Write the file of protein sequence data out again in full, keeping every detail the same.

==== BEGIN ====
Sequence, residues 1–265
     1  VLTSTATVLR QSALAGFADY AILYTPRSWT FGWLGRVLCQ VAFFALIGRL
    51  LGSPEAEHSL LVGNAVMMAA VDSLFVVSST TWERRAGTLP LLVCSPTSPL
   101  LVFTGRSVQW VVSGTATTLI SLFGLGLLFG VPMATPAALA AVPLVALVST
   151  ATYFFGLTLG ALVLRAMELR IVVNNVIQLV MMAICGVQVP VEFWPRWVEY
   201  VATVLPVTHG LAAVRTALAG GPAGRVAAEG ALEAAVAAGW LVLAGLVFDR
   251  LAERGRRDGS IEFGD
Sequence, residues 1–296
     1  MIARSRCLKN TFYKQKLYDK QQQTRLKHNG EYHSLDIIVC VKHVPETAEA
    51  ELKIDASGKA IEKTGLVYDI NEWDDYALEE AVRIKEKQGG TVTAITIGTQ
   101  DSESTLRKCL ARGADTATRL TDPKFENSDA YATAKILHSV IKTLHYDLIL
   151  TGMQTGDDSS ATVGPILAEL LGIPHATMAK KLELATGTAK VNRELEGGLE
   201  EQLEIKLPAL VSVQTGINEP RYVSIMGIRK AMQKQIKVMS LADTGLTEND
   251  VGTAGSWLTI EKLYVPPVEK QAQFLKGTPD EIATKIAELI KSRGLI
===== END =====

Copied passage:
Sequence, residues 1–265
     1  VLTSTATVLR QSALAGFADY AILYTPRSWT FGWLGRVLCQ VAFFALIGRL
    51  LGSPEAEHSL LVGNAVMMAA VDSLFVVSST TWERRAGTLP LLVCSPTSPL
   101  LVFTGRSVQW VVSGTATTLI SLFGLGLLFG VPMATPAALA AVPLVALVST
   151  ATYFFGLTLG ALVLRAMELR IVVNNVIQLV MMAICGVQVP VEFWPRWVEY
   201  VATVLPVTHG LAAVRTALAG GPAGRVAAEG ALEAAVAAGW LVLAGLVFDR
   251  LAERGRRDGS IEFGD
Sequence, residues 1–296
     1  MIARSRCLKN TFYKQKLYDK QQQTRLKHNG EYHSLDIIVC VKHVPETAEA
    51  ELKIDASGKA IEKTGLVYDI NEWDDYALEE AVRIKEKQGG TVTAITIGTQ
   101  DSESTLRKCL ARGADTATRL TDPKFENSDA YATAKILHSV IKTLHYDLIL
   151  TGMQTGDDSS ATVGPILAEL LGIPHATMAK KLELATGTAK VNRELEGGLE
   201  EQLEIKLPAL VSVQTGINEP RYVSIMGIRK AMQKQIKVMS LADTGLTEND
   251  VGTAGSWLTI EKLYVPPVEK QAQFLKGTPD EIATKIAELI KSRGLI